City looks to create new TIF in the downtown area

By Brandi Makuski

The Stevens Point City Council has green-lit a $15,000 proposal that would begin the process of creating a new tax incremental finance district in the downtown.

Council members in October unanimously approved the proposal from Ehlers, the city’s Waukesha-based municipal finance advisor, for creating TIF #10 without discussion. The proposal was made public one week following closed-session discussion on two apartment complexes in the downtown. Both will be located inside the new TIF, Mayor Mike Wiza said, along with several existing properties.

While the meeting agenda indicated Ehlers would give a presentation on the new TIF, no presentation took place. The meeting packet did, however, include several pages outlining the scope of work proposed by Ehlers, to include a feasibility analysis, plan development, and submittal process.

City Treasurer Corey Ladick said the new TIF would “overlap” with TIF 6, the city’s downtown TIF District.

Commonly referred to as a “TIF” or “TID”, the tax incremental finance district is a specific area—often blighted—defined by geographic boundaries in need of redevelopment. Within that boundary, according to Ladick, increases in property taxes as a result of increased value goes towards developing projects within the district. Property taxes inside the TIF are otherwise locked, he said, and the city receives that tax rate through the life of the TIF, which can span 15-20 years or more.

Creating the new TIF, Wiza said, would benefit multiple properties including the two new apartment building developments.

“It’s to encompass a bunch of properties that have changed since the original creation of TIF 6,” Wiza said on Tuesday. “When TIF 6 was created, Belke lumber was still functioning; Soik [Plumbing] was still very much in business.”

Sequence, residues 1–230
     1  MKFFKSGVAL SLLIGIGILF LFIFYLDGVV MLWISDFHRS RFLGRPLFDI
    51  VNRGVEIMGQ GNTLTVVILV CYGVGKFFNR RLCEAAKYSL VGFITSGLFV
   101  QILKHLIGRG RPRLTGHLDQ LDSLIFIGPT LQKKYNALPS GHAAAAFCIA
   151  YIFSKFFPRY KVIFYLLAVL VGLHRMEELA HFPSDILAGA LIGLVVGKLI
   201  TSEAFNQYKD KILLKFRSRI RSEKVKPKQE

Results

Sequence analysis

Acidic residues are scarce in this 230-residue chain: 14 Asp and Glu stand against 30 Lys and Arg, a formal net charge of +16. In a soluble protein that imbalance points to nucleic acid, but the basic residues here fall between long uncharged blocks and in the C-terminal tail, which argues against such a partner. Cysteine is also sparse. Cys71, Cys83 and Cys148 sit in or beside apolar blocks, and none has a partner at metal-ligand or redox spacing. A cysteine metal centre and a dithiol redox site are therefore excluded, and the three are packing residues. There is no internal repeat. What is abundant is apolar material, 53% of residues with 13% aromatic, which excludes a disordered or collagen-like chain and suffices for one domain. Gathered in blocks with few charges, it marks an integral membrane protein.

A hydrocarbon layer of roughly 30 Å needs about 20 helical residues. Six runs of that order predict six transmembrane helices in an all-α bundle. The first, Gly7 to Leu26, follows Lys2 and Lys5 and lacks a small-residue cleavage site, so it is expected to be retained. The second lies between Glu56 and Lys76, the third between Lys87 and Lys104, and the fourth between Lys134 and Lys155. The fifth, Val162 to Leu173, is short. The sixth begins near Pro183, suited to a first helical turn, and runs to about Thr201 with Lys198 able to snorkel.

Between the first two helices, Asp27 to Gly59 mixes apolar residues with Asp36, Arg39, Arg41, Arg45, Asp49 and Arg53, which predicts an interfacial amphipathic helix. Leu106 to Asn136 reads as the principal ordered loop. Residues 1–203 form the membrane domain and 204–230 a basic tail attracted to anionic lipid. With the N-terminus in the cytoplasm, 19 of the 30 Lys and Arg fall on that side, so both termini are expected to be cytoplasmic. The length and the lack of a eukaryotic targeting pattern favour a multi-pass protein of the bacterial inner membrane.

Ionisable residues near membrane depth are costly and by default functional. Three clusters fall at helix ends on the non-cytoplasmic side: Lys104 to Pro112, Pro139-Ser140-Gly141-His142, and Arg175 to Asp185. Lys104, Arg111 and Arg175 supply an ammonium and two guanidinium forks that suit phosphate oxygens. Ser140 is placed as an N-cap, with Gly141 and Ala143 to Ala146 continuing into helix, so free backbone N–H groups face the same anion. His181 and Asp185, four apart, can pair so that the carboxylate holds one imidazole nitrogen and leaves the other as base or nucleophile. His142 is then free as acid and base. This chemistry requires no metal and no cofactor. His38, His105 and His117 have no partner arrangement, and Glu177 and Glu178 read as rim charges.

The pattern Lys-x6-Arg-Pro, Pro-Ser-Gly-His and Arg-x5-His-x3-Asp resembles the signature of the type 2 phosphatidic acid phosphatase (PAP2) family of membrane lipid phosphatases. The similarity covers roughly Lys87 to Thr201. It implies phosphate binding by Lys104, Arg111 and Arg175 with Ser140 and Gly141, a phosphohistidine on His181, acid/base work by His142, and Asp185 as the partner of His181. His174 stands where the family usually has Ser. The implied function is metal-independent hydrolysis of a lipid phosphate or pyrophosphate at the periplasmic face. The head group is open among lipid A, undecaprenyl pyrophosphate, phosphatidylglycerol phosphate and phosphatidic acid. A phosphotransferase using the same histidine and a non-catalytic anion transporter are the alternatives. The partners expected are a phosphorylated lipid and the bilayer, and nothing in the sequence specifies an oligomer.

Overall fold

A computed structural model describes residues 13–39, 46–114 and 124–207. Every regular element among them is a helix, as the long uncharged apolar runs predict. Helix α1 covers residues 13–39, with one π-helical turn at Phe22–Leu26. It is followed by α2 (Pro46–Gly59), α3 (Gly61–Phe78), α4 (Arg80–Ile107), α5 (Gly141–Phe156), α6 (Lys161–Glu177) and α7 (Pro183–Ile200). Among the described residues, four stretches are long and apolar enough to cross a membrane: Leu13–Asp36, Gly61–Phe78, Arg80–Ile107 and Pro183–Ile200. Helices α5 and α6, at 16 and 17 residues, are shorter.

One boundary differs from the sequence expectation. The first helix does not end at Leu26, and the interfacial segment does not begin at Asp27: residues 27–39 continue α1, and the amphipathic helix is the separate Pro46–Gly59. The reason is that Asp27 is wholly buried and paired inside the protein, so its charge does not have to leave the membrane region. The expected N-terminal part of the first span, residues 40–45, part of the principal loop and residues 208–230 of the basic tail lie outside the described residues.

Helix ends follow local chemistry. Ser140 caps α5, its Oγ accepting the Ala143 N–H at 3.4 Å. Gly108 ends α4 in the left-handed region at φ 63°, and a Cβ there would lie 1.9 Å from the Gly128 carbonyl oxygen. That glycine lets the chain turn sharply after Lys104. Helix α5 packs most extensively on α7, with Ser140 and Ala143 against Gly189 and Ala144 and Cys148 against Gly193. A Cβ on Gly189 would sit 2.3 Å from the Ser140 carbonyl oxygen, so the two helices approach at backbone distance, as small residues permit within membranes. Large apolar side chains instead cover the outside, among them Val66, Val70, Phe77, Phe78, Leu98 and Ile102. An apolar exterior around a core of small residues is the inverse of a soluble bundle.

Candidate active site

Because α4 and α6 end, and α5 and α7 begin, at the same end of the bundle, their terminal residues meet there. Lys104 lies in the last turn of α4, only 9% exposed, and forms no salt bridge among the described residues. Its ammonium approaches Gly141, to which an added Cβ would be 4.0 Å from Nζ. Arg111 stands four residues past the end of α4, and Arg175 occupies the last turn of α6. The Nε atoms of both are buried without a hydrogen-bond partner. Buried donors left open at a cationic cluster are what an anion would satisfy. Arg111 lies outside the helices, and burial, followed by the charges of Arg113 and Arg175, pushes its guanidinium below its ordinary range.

Wiza added while a TIF cannot be created to benefit solely residential lots, they can be a component.

“There are also TIF projects that focus on job creation, there are TIF projects that focus on redevelopment in general…for instance, the Lullaby site,” Wiza said. “Partially overlapping the new TIF with the existing TIF is, it allows us more opportunities on Lullaby. The advantage there is that you can extend your ability to redevelop something; by overlapping those areas you can get a development in under a new TIF and recognize the full 15, 20 years.”

Multiple proposals for the Lullabye Furniture property, 1017 Third St., have come before city leaders in recent years but none came to fruition, Wiza said, “for a variety of reasons”.

Wiza said the new TIF “basically makes a ‘C’ around the downtown”.

The downtown TIF—TIF #6—was created in 2006 and remained under water for several years, but Wiza said the council previously approved supplementing the downtown district with TIFs 5 and 7.

“The TIF itself is not making ends meet, but it’s not under water. It’s being supplemented by 5 and 7; otherwise, the taxpayers would be footing the bill,” Wiza said.

Creating a new TIF is a lengthy process, Ladick said, and involves approval by multiple committees and at least one public hearing. Hiring Elhers is just the first step, he said.